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ATD Blog

Check the Real Motivators for Employee Engagement

Tuesday, April 4, 2023

We’ve all heard stories of disengaged employees disillusioned at work. During the past several years, the COVID-19 pandemic caused workplace disruptions, creating damaging levels of workforce stress and frustration. And the pain continues. Gallup’s most recent engagement surveys indicate that 2022 showed the lowest ratio of engaged-to-actively disengaged employees in the U.S. since 2013. Less than one-third (32 percent) of employees were counted as engaged in their work and workplace, and 18 percent were actively disengaged.

Even more challenging: The highest average for U.S. employee engagement that Gallup ever recorded since they started these surveys in 2000 is only 36 percent. Nearly two-thirds of employees identifying as needing to be more engaged leaves room for improvement.

Engagement matters

Engaged employees involved in and enthusiastic about their work and workplace are, according to Gallup’s research, linked to higher profitability, productivity, customer engagement, retention, safety, and well-being (see articles by Jim Harter 2018, 2023). Actively disengaged employees who are disgruntled and disloyal because their workplace needs are unmet, however, can have a decidedly negative effect on the above factors.

Companies have spent money hiring smart consultants who often tell their clients that people need a shared sense of mission, a vision of success, and a compelling picture of the future. This helps, but it is woefully insufficient for dealing with the root cause of disillusionment–people feeling like their question of “what’s in it for me” (WIIFM) is not sufficiently addressed. The motivation that energizes the can-do spirit comes from within an individual, and the individual decides whether their work connects with their WIIFM.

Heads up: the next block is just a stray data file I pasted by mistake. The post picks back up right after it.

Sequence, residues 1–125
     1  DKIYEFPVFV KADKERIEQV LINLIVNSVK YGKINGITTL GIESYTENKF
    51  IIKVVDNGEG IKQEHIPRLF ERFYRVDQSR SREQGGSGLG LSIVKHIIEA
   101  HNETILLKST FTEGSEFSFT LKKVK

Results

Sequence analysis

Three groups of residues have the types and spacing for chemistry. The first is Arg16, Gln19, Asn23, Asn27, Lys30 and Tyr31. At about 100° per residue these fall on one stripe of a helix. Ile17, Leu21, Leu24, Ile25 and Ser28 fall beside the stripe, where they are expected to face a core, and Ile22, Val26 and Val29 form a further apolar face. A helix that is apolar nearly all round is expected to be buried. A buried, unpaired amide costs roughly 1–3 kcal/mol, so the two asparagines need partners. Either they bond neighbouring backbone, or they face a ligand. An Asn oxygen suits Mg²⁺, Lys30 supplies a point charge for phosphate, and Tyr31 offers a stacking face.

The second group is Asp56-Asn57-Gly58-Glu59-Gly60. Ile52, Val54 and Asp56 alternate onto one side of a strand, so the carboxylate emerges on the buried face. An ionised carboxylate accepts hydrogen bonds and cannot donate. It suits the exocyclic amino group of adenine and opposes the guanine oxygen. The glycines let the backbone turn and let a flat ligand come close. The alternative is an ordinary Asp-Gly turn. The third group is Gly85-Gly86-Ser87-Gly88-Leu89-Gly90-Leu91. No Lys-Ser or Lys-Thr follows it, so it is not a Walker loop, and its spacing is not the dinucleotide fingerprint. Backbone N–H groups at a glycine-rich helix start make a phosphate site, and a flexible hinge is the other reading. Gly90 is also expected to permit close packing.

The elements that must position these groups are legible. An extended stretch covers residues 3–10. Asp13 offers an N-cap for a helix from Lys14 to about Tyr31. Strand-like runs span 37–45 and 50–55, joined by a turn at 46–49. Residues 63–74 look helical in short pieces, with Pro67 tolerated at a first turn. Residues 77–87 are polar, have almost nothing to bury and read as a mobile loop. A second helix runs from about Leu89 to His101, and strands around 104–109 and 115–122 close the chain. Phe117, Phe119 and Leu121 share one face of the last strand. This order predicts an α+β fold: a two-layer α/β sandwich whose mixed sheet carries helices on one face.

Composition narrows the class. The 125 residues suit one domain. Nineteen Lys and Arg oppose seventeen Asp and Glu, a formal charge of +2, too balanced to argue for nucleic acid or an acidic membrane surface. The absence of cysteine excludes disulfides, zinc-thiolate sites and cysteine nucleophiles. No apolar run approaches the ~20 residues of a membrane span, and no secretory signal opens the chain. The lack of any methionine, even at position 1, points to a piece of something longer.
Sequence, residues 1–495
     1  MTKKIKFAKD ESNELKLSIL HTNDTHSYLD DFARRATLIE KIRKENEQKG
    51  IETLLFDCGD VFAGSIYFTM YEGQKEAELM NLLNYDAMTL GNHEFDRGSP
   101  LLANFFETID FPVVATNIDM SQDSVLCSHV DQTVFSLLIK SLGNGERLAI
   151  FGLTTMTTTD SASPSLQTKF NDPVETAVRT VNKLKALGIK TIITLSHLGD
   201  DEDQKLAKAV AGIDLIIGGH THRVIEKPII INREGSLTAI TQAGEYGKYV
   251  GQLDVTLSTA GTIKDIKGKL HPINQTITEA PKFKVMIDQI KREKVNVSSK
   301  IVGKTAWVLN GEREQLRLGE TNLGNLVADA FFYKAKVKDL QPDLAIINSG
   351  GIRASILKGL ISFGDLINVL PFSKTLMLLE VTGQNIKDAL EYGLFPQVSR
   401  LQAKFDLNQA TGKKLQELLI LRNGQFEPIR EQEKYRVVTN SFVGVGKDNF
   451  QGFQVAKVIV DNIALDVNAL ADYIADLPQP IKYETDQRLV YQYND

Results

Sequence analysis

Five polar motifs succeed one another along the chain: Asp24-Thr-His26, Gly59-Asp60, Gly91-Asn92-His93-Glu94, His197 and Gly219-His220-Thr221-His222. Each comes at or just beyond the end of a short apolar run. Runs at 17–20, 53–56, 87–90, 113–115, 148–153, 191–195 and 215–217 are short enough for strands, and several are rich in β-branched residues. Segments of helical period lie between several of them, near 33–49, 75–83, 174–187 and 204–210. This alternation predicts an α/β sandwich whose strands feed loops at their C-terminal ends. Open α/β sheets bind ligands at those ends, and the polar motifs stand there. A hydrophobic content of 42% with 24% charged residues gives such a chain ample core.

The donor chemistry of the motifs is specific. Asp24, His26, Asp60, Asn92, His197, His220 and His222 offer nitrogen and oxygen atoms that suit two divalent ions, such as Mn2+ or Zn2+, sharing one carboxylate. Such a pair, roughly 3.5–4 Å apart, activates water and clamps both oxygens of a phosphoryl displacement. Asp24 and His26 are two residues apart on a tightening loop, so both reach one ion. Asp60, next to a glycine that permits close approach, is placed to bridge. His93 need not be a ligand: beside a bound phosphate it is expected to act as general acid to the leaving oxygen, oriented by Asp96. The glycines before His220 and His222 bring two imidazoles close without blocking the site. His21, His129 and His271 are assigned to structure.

Drawing on Frederick Herzberg’s two-factor theory of motivation, it is important to understand that the deep motivators that can be the true source of an employee’s engagement at work are not necessarily activated by addressing an employee’s expressed sources of dissatisfaction. For example, an employee may complain that with a hybrid work schedule, they’re not receiving the clarity of expectations from their manager that they once got. Let’s say the manager hears this and starts doing a better job of laying out expectations. The communication failure is no longer a source of dissatisfaction. But whether the employee now finds their job truly motivating will likely depend on those stated expectations. Do the employee’s key motivators at work align with the workplace expectations?


Addressing sources of dissatisfaction—including those associated with pandemic changes—doesn’t necessarily get at the real motivators for can-do spirit engagement.

Do a can-do spirit VITALS checkup

Based on our extensive research and hands-on experience, we found that with performing and learning, we can find the true source for feeling the can-do spirit at work in the VITALS motivation profile. The VITALS acronym, which stands for values, interests, talents, ambitions, longings, and style, can be an easy-to-remember mental checklist that helps managers connect the dots between these factors and the work people do in ways that unleash their can-do spirit. Extensive social science literature is associated with each of the six dimensions represented by the VITALS acronym. So, the science is there.